From a different solar system many many galaxies far far away
We are the force of another creation
A new musical revelation
And we’re on this musical message to help the others listen
~ Afrika Bambataa and the Soul Sonic Force “Renegades of Funk” (1983)
What does it mean to be Black in America?
As an artist, I’ve always found ways to express this through realistic and imaginary lenses, often taking into consideration personal knowledge and experiences while also considering concepts in a broader sense. Ideally, I’ve always aimed at using themes from the past, present, and future to depict the Black experience, which encompasses both struggles and triumphs.
The rich legacy of the African Diaspora can be heavily attributed to artistic expression. Whether it was music, dance, or visual arts; artistic expression has always played a pivotal role in African culture, which began to be translated in an American context once the Trans-Atlantic Slave Trade began. Often times being “alienated” from the rights of citizens in America and the Caribbean, the search for an identity and efforts of remembrance were seized with every opportunity. As a result, expressions such as the Negro Spirituals, Blues, Jazz, Funk, Hip-Hop, and countless others, emerged and eventually became a part of popular culture.
Afrofuturism: The Origins
In 1993, Mark Dery, author of Black to the Future, developed a term known as Afrofuturism. According to Mark Dery, Afrofuturism is a literary and cultural aesthetic that combines elements of science fiction, historical fiction, fantasy, Afrocentricity, and magic realism with non-Western cosmologies in order to critique not only the present-day dilemmas of people of color, but also to revise, interrogate, and re-examine the historical events of the past (wikipedia). Initially, Dery coined the term as a response to literature from authors, such as Octavia Butler and Samuel R. Delany; however, it quickly referred to musicians who also represented this aesthetic.
African-American voices have other stories to tell about culture, technology, and things to come.
∼ Mark Dery
For instance, Sun Ra, a jazz musician who used Ancient Egyptian and space images to reflect his artistry, can be considered one of the pioneers of Afrofuturism. Albums such as, Space is the Place (1972) and The Heliocentric Words of Sun Ra (1965), incorporated conceptualized images and sounds based on his “cosmic philosophies”, which coherently also made connections between the past, present and future. The past being Ancient Egypt; the present was in the form of avant-garde jazz with the use of synthesizers and other electronic instruments; and the future being in the form of cosmic connotations that encouraged others to look beyond our earthly existence.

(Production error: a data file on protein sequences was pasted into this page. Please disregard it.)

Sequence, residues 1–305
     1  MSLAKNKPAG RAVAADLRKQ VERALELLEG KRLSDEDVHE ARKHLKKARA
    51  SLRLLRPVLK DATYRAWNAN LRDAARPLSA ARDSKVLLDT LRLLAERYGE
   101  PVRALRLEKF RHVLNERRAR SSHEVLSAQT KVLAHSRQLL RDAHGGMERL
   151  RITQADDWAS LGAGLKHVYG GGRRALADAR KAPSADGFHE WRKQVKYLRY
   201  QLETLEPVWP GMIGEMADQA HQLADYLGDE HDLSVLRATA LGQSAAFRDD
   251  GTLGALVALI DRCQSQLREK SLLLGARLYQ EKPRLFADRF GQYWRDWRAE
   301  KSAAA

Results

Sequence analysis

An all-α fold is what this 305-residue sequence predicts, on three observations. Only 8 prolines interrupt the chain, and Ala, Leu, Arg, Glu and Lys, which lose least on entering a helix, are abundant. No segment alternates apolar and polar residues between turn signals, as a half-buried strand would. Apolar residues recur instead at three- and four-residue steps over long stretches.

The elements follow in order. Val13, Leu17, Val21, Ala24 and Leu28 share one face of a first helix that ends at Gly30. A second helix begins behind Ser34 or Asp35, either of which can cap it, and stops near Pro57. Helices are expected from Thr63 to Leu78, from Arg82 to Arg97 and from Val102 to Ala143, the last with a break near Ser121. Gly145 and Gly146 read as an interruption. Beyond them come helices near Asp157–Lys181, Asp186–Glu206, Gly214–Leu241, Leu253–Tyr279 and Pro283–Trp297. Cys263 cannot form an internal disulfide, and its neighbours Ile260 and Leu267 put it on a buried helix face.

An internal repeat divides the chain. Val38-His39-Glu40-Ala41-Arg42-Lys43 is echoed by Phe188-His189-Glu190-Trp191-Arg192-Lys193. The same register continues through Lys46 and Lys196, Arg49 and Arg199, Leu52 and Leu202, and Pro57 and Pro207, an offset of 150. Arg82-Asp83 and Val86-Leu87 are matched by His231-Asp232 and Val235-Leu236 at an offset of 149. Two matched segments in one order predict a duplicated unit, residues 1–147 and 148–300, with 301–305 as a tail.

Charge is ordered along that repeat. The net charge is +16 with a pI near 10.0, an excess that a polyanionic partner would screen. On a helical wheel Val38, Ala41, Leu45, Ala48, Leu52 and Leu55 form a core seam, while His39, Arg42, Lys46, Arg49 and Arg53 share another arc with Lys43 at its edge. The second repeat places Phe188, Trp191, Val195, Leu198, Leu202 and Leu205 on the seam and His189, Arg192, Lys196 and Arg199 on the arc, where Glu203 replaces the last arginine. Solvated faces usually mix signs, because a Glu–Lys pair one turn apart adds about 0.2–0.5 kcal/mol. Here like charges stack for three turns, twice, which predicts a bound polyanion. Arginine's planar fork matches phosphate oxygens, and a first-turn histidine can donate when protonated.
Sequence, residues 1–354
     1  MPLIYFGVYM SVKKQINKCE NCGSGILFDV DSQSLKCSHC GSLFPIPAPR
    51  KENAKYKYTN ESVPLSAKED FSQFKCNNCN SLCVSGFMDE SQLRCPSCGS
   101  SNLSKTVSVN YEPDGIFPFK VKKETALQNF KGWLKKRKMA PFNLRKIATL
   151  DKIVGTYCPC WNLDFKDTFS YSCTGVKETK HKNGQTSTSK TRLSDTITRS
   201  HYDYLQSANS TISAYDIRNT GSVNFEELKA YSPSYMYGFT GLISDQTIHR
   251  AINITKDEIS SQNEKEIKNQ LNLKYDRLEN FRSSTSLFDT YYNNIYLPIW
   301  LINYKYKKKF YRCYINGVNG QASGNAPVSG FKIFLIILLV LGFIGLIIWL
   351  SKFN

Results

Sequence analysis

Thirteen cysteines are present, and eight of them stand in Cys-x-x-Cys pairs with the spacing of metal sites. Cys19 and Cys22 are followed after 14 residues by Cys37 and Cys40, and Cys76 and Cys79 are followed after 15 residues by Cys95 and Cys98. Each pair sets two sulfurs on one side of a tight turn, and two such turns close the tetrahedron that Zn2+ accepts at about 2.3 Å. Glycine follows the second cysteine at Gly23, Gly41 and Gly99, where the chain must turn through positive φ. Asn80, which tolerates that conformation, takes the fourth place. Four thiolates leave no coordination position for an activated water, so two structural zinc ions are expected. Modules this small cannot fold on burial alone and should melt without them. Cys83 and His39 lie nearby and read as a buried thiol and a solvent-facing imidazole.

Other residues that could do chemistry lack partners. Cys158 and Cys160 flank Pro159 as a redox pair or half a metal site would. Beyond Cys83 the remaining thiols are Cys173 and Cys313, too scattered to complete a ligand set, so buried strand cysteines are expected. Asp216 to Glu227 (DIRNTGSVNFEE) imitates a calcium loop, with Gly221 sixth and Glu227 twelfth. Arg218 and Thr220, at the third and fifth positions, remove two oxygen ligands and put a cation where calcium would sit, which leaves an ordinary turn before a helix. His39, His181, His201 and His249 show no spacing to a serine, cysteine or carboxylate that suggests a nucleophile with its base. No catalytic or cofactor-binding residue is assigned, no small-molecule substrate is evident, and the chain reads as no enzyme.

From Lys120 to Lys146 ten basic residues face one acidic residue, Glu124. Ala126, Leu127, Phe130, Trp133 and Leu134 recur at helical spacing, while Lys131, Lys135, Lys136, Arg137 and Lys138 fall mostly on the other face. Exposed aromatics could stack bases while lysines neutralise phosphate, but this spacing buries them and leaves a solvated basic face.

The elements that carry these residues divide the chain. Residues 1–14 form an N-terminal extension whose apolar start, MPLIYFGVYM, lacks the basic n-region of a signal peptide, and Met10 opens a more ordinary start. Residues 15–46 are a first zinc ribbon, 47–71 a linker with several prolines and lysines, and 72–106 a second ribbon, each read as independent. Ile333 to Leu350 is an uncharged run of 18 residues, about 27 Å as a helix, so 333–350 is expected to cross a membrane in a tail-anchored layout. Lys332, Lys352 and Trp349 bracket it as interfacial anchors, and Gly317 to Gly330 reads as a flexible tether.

In an essay found on the Sun Ra Arkestra website by Stefany Anne Goldberg, she sites, “I didn’t find being black in America to be a very pleasant experience,” said Sun Ra, “but I had to have something, and that something was creating something that nobody owned but us.” She also mentions, “African-Americans had always been a secret society within greater American society, with their own music, their own language, their own rituals. This secret history could be an asset for African-Americans in the Space Age to come. African-Americans could re-invent their past and create a futurist Utopia, perhaps on a planet other than Earth, which seemed to Sun Ra unbearably steeped in chaos and confusion.”
By the 1970s, a new wave of music emerged. Referred to as the “Funk”, George Clinton and the Parliament Funkadelic used characters, themes, and ideas that would mirror the consciousness of the Black community. They put out a series of albums and shows that sent political and sociological messages. In the article, “Turn This Mutha Out” by Robert Hicks, Clinton explains, “We had put black people in situations nobody ever thought they would be in, like the White House. I figured another place you wouldn’t think black people would be was in outer space. I was a big fan of Star Trek, so we did a thing with a pimp sitting in a spaceship shaped like a Cadillac, and we did all these James Brown-type grooves, but with street talk and ghetto slang. Make my funk the P-Funk”.